One of my students’ favorite times of the week is the visit to the school library. It gives them a chance to get out of their chairs, roam around shelves full of books and pick two – one in English and one in French – that they can read for the next week. I love it because it gives me a chance to see them get excited about books.
Today, one girl brought “Betty and Veronica” to the circulation desk to sign out. I took it from her, exclaiming, “Ooooh, Betty and Veronica!” She and the librarian both looked at me, expecting me to tell some story about how I loved to read Betty and Veronica when I was in school. “Did you watch any of the PanAm Games?”
The girl was confused by my question. “Ah…no…”
“Do you ever follow Canadian track?” She shook her head again. “Well, let me tell you about Betty and Veronica.”
I proceeded to tell about Lanni Marchant and Natasha Wodak, two of Canada’s top distance runners, to a blank look. I bragged about how well they ran at the PanAm Games and how they helped to put Canadian female runners on the international scene. I talked about Lanni’s marathon at the Scotiabank Toronto Waterfront Marathon and about Natasha’s 10K record. “They train together, they are both sponsored by Asics, they race against each other…they’re frenemies.”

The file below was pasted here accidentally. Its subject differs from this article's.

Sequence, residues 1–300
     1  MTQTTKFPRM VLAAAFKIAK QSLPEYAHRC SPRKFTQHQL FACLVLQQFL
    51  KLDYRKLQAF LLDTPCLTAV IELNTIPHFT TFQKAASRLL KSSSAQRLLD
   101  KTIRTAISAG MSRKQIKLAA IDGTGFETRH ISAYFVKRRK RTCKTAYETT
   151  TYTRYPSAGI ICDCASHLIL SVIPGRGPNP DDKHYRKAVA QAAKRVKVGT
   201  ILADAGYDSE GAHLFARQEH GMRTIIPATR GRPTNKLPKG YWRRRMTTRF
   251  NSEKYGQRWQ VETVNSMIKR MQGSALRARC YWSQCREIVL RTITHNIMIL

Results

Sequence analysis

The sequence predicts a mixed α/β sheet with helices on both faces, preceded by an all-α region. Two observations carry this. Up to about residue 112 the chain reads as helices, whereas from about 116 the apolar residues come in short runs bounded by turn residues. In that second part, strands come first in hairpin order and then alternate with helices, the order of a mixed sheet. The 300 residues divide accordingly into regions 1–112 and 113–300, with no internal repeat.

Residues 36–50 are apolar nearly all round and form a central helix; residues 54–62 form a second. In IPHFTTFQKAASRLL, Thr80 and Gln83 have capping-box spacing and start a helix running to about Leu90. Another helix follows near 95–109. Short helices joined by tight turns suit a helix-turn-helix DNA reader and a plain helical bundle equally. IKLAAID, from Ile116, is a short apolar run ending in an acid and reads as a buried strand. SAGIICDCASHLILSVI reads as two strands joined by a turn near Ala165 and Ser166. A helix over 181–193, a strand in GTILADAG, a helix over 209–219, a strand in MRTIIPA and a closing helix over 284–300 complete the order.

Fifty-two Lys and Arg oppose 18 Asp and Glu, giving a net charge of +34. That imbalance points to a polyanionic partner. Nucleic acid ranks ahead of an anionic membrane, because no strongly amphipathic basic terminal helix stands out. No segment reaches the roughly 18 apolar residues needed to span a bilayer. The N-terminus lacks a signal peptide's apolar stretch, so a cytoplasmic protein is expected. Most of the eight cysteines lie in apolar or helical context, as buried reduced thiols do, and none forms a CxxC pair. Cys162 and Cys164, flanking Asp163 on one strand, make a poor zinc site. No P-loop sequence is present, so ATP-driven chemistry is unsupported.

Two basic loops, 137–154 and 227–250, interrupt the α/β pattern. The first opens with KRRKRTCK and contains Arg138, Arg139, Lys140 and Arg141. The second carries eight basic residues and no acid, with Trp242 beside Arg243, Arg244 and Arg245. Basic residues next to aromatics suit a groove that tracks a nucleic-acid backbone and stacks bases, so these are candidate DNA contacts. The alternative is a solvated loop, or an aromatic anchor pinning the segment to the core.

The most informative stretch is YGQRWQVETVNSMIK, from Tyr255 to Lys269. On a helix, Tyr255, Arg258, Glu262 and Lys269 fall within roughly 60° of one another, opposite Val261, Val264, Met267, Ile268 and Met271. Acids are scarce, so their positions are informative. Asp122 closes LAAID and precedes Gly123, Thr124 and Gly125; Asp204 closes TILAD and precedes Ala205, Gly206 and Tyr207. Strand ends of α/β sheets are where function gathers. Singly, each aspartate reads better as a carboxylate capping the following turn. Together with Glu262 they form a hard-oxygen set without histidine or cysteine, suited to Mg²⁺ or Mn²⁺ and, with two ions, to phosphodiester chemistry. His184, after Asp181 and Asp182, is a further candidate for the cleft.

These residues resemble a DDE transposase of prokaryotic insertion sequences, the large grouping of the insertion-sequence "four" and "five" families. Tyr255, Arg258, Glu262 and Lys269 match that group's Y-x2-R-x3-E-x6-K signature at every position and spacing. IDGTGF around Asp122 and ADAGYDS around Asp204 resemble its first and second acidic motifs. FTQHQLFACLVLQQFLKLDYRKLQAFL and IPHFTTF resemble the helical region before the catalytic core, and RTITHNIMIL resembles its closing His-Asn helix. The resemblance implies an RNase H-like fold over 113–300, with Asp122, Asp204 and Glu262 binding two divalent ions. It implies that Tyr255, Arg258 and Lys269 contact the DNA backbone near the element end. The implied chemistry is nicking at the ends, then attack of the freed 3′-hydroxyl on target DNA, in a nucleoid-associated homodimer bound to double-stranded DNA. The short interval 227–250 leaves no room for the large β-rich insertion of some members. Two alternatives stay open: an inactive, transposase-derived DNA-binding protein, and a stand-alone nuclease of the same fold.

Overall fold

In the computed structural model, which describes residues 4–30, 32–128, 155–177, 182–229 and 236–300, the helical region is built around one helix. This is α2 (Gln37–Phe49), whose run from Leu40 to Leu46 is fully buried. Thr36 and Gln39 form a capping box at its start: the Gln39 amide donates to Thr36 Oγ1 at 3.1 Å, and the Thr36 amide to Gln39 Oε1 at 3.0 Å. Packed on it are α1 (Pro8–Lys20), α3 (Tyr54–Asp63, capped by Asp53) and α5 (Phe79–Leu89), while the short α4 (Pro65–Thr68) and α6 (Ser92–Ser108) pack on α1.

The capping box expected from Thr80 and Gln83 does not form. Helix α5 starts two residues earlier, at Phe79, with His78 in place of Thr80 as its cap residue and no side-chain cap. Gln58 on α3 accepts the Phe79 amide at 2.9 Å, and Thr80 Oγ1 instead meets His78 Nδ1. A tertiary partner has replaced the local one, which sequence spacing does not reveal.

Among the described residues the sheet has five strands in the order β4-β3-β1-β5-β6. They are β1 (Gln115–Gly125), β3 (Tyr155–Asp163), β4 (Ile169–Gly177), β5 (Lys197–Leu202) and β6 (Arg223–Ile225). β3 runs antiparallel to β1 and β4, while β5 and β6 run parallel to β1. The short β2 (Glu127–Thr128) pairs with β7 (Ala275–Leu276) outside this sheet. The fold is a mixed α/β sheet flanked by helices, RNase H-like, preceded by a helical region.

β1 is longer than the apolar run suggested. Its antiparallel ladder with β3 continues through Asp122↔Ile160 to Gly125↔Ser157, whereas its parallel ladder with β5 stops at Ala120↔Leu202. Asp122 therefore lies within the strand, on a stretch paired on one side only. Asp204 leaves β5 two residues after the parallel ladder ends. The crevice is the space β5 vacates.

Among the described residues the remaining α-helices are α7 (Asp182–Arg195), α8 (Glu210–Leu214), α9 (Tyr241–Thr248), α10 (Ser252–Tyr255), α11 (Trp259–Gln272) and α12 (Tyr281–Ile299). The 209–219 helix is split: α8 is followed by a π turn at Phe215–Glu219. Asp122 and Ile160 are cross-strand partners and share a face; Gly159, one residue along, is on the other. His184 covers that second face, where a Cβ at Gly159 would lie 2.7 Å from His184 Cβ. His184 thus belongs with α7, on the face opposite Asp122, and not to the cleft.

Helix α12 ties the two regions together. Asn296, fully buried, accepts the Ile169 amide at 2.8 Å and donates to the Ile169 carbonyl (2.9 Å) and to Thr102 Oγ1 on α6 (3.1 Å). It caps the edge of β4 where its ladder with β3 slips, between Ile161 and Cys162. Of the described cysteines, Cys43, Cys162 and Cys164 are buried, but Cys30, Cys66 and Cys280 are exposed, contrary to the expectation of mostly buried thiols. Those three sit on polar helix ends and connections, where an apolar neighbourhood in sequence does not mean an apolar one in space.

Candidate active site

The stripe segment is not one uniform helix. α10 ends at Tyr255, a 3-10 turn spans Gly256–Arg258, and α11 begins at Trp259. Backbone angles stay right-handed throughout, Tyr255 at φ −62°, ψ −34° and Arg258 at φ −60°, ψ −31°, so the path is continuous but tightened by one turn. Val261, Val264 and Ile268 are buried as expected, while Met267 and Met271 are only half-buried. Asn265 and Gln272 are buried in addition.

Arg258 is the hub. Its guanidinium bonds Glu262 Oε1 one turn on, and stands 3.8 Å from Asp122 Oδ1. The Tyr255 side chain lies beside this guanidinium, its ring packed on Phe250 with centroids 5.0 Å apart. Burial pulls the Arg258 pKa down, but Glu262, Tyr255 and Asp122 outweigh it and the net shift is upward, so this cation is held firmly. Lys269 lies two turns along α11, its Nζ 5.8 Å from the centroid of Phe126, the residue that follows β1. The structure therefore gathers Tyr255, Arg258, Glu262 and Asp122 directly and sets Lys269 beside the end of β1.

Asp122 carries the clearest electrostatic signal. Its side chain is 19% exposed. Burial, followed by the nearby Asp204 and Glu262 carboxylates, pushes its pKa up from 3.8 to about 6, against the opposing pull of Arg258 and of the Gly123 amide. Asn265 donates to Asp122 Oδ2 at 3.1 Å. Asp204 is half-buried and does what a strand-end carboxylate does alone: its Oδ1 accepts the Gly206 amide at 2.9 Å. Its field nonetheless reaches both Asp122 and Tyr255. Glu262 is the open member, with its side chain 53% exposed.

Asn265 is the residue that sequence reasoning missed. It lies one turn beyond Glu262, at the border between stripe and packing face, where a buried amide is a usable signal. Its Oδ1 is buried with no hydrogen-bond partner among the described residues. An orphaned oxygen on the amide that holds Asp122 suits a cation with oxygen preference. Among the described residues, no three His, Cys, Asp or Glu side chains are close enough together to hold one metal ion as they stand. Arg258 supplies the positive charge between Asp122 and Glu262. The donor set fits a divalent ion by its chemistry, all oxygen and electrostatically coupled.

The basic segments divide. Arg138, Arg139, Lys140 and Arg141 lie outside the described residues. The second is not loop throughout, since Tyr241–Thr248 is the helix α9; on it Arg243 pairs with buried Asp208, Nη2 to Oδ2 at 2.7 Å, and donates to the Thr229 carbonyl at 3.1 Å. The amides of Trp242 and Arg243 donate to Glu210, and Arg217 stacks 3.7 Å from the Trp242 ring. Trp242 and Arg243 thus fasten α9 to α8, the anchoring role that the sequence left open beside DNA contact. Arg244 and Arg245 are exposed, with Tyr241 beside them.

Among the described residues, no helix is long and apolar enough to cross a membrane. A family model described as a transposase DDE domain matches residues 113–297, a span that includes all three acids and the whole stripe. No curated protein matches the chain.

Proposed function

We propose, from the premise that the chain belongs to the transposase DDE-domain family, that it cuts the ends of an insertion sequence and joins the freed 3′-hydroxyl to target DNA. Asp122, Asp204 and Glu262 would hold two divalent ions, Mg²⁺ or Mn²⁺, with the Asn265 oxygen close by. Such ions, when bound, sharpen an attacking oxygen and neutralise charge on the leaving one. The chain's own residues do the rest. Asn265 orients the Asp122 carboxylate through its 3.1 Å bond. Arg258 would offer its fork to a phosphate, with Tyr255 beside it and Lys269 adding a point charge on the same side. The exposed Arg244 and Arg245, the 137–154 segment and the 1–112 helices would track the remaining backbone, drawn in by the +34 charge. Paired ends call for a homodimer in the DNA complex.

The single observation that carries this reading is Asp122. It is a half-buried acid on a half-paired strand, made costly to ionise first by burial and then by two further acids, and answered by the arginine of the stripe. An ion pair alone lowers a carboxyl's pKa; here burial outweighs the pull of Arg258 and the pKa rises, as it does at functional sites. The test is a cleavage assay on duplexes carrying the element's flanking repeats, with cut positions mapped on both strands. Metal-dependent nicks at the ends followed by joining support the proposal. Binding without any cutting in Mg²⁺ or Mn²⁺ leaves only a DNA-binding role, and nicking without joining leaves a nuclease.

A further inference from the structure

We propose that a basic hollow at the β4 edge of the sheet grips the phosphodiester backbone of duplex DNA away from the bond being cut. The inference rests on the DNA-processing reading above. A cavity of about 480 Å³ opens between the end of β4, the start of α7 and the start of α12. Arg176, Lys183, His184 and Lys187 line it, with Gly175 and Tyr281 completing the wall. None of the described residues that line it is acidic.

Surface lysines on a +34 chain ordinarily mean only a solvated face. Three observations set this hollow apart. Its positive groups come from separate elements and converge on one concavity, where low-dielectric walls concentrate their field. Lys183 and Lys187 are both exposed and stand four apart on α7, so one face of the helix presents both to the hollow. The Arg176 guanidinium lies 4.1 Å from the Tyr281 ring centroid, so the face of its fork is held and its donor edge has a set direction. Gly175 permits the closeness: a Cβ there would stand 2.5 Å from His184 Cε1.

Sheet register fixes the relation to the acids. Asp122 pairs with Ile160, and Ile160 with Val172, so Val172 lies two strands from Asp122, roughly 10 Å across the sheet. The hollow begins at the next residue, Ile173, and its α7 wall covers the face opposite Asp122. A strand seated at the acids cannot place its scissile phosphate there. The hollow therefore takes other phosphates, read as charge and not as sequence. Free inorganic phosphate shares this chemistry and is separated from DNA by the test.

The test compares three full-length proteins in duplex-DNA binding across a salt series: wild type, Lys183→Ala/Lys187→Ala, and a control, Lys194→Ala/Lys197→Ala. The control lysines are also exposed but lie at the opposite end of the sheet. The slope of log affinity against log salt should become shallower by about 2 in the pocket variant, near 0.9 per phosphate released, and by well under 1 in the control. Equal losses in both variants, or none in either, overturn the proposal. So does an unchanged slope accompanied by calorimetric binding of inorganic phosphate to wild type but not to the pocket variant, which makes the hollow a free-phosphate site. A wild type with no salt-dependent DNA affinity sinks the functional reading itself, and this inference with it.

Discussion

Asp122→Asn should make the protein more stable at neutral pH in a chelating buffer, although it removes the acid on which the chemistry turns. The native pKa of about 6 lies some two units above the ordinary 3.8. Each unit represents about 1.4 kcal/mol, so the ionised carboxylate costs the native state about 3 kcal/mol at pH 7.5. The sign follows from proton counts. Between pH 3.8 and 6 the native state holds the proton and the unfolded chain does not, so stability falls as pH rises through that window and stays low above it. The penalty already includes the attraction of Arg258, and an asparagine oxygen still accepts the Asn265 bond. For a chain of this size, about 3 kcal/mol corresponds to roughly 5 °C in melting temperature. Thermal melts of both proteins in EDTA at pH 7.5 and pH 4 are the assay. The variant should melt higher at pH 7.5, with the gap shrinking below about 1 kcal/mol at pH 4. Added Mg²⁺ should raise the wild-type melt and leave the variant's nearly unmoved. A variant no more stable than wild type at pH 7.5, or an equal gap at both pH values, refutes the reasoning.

Her face lit up; frenemies was something she understood. Excited by her now mild interest, I couldn’t stop myself. I quickly pulled up a picture of the two of them on the computer and gave her more. “And look! One is blond; the other is a brunette. They’ve been nicknamed Betty and Veronica on the running scene.” And I held up her comic book. “See.”
Poor kid. Speechless by my on-the-spot lesson on Canada’s female distance runners, she took her book and sat down to read it. That was all she wanted to do.
Me? I had a great time sneaking in a lesson on how to connect what we read to the real world or, in this case, how we connect the world to what we read. Most of all, though, I had a great time sharing the story of the real Betty and Veronica.